Scoping Review: Medication Adherence in Type 2 Diabetes

Monday, 9 November 2015

Cheryl Moseley Conway, MSN, RN-BC, NE-BC
College of Nursing, Medical University of South Carolina, Charleston, SC, USA

In 2010, the most recent years for which national prevalence data are available, diabetes affects 25.8 million people, approximately 8.3% of the U.S. population (CDC, 2011). Logden, Lamb, & Carroll (2010) indicate that in 2007-2008 approximately 30% of the U.S. population is obese which has a correlation to diabetes and other chronic health conditions. There are 18.8 million people diagnosed with diabetes and approximately 7.0 million people undiagnosed (CDC, 2011). More than 90% of those diabetes cases are type 2 or adult onset diabetes (Seppa, 2011). In 2010, there were an estimated 688,000 North Carolina adult residents with diabetes (CDC, 2010). The highest prevalence of diabetes exists in the South, western Appalachians, and costal Carolinas (CDC, 2009). Diabetes lowers life expectancy by up to 15 years, increases the risk of heart disease, and is the leading cause of kidney failure, lower limb amputation, and adult-onset blindness (CDC, 2008). In 2007, the estimated financial cost of diabetes in the United States.

The Social Ecological Model (SEM) provides a framework for multilevel factors affecting health behaviors and impacting health behavior change, as well as a theoretical framework for the interactions between persons and groups (Stokol, 1995). Over the past twenty years, there has been an increasing focus upon disease prevention and changing individual health behaviors to avoid chronic diseases (McLeroy et al., 1988). Health promotion programs have led to community-driven efforts to promote fitness, health eating habits, and non-smoking campaigns (McLeroy et al., 1988).  The Social Ecological Model (SEM) conceptual framework is determined by the following: intrapersonal factors; interpersonal processes; institutional factors; community factors; and, public policy (McLeroy, et al., 1988). The Conceptual Model – Social Ecological Model (SEM): Medication adherence and type 2 diabetes, as described by SEM will be included in the poster, if accepted.

Results of Literature Synthesis

The SEM for health promotion addresses the individual and social environmental factors for interventions (McLeroy, Bibeau, Steckler, & Glanz, 1998). SEM is defined by: intrapersonal factors, interpersonal processes, institutional factors, community factors, and public policy. Medication adherence and type 2 diabetes primarily had interventions within the intrapersonal and interpersonal domains, as discussed in the following sections.

Intrapersonal factors.

SEM includes “intrapersonal factors include the individual’s characteristics such as, knowledge, attitudes, self-concept, skills, and etcetera” (McLeroy et al., 1998, p. 355). Additionally, developmental history of the individual is included (McLeroy et al., 1998).

Bains & Egede (2011) conducted a survey of one hundred twenty-five adults with diabetes from a primary care clinic to complete a validated survey assessing health literacy, diabetes knowledge, and self-care. The authors reported that health literacy was independently associated with diabetes knowledge but not associated with glycemic control (Bains & Egede (2011). The authors also found that health literacy did not have a direct correlation to glycemic control, but suggest there is possibly an influence through diabetes knowledge (Bains & Egede, 2011). Cohen et al. (2010) found a strong association between medication adherence, as measured by medication possession ratio, for oral glycemic lowering agents (OGLA) and A1C control among insured diabetes patients with poorly controlled A1C, especially those taking two or more OGLA.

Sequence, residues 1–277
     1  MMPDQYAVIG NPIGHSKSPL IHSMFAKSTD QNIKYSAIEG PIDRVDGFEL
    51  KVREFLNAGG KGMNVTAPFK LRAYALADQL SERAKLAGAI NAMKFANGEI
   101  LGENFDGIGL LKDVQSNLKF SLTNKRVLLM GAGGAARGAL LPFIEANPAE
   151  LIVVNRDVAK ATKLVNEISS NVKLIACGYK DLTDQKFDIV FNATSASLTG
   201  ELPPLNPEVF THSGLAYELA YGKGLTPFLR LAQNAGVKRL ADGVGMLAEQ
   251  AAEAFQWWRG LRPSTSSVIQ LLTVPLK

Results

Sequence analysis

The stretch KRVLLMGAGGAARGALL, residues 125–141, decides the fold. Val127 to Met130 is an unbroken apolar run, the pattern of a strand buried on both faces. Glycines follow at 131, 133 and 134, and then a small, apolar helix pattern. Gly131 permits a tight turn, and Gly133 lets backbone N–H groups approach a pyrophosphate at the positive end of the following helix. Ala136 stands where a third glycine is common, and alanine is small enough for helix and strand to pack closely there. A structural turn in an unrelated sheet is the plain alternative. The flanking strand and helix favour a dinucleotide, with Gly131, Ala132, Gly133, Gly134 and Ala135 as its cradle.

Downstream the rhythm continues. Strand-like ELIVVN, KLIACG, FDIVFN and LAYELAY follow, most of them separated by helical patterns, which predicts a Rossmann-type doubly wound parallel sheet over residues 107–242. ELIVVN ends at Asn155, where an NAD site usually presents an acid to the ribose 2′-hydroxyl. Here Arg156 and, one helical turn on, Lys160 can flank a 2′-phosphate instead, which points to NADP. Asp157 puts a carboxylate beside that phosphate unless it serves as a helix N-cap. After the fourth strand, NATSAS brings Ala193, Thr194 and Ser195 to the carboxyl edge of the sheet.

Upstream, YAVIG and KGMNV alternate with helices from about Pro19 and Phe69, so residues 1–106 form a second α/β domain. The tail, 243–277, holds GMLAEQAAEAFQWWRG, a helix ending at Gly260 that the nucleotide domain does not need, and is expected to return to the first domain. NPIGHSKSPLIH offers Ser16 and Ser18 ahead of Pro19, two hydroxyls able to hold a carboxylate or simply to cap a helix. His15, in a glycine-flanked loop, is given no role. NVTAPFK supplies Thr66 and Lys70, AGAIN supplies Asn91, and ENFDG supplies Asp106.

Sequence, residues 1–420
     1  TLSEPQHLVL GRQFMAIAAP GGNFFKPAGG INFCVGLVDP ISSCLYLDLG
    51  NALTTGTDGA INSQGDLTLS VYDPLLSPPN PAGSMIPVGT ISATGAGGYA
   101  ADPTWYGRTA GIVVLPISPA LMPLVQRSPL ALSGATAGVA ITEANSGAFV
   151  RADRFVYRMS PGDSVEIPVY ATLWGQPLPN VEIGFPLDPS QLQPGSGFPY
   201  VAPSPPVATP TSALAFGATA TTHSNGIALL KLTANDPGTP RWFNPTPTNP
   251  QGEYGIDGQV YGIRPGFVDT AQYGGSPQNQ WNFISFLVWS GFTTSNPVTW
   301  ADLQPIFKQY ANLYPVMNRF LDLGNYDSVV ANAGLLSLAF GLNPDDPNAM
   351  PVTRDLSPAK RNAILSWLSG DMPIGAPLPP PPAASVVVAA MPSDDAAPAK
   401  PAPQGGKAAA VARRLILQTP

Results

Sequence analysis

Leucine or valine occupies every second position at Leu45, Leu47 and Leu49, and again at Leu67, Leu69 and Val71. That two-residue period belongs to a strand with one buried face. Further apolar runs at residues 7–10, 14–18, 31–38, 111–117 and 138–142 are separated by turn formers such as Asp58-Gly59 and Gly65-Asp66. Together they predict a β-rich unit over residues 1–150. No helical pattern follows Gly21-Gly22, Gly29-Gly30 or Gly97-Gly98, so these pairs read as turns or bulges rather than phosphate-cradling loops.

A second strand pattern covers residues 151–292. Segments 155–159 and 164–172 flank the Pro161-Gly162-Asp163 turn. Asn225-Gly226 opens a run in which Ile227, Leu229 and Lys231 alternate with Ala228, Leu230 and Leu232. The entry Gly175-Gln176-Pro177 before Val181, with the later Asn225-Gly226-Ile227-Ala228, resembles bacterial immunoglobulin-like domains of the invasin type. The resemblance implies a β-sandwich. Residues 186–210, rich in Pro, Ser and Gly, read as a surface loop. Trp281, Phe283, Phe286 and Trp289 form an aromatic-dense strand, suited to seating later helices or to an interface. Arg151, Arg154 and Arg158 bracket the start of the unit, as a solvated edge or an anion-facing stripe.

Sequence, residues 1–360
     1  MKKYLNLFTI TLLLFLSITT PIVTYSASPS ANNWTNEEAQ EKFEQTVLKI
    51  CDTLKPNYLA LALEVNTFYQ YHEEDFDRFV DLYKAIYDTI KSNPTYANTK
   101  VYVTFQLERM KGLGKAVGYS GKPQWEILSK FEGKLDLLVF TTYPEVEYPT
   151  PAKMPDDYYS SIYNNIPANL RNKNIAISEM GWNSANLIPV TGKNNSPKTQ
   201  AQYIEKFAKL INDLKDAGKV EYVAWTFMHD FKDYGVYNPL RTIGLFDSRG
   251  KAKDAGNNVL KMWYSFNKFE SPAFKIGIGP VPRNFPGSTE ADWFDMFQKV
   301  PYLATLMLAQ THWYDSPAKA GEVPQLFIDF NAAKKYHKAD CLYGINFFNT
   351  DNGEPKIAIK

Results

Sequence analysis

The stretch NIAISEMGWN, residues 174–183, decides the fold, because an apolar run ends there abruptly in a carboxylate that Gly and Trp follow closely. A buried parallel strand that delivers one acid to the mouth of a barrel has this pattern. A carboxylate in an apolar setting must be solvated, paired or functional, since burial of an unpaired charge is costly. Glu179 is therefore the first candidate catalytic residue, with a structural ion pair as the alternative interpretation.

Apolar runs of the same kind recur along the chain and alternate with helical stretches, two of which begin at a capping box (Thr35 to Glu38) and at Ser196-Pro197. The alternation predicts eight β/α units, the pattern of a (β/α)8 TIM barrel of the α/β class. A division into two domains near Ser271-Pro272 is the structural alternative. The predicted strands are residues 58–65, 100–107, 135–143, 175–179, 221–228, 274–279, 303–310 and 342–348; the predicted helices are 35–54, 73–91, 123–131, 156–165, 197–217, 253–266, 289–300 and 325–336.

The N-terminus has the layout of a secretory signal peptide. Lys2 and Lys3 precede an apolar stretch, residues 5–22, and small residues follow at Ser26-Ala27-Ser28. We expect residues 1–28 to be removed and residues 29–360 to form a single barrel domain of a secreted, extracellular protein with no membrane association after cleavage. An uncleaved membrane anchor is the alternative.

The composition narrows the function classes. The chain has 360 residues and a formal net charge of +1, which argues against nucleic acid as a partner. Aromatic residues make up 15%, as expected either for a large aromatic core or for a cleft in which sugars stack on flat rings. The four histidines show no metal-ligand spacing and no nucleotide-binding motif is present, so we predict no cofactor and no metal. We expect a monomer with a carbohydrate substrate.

Hernandez-Tejada et al. (2012) found an association between diabetes empowerment and increased medication adherence, increased knowledge, and effective self-care behaviors for participants with type 2 diabetes. Hill-Briggs, et al. (2007) found a correlation among higher Diabetes-related Problem Solving (DPSS) scores being related to better medication adherence and more frequent self-monitoring of blood glucose. DPSS scores above the mean were also associated with better A1C levels (Hill-Briggs et al. 2007).

In their study of diabetes health beliefs among the Lumbee Indians living in rural Southeastern North Carolina, Jacobs, Kemppanen, Taylor, & Hadsell (2014) found that study participants did not hold strong beliefs about their ability to understand the nature of diabetes as a chronic disease (Jacobs, Kemppanen, Taylor, & Hadsell, 2014). The authors also discussed participant’s beliefs about ability to control symptoms and lower confidence in efficacy of treatments (Jacobs, Kemppanen, Taylor, & Hadsell, 2014). Parchman, Zeber, & Palmer (2010) conducted an observational study and found that participatory decision making during primary care encounters by patients with type 2 diabetes resulted in improvements in A1C levels and improved medication adherence. Piette, Heisler, Harand, & Juip (2010) sought to understand the differences between African American and White participants in diabetes patient’s medication related beliefs and adherence problems due to cost concerns. The authors found that significant number of diabetes patients endorsed negative beliefs about their medications including: doctors would prescribe fewer medications if they spent more time with patients; most prescriptions were addictive; and negative beliefs were consistently more common among African-American than White patients (Piette, Heisler, Harand, & Juip, 2010).